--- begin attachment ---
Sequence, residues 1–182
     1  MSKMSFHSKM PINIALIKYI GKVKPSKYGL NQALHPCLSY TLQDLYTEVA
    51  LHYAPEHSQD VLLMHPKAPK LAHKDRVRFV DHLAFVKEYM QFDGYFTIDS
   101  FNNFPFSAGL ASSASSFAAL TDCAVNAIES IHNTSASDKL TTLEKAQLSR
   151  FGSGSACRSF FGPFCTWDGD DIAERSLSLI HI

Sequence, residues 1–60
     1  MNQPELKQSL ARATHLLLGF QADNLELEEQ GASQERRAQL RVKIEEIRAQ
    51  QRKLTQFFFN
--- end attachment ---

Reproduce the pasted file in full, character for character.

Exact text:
Sequence, residues 1–182
     1  MSKMSFHSKM PINIALIKYI GKVKPSKYGL NQALHPCLSY TLQDLYTEVA
    51  LHYAPEHSQD VLLMHPKAPK LAHKDRVRFV DHLAFVKEYM QFDGYFTIDS
   101  FNNFPFSAGL ASSASSFAAL TDCAVNAIES IHNTSASDKL TTLEKAQLSR
   151  FGSGSACRSF FGPFCTWDGD DIAERSLSLI HI

Sequence, residues 1–60
     1  MNQPELKQSL ARATHLLLGF QADNLELEEQ GASQERRAQL RVKIEEIRAQ
    51  QRKLTQFFFN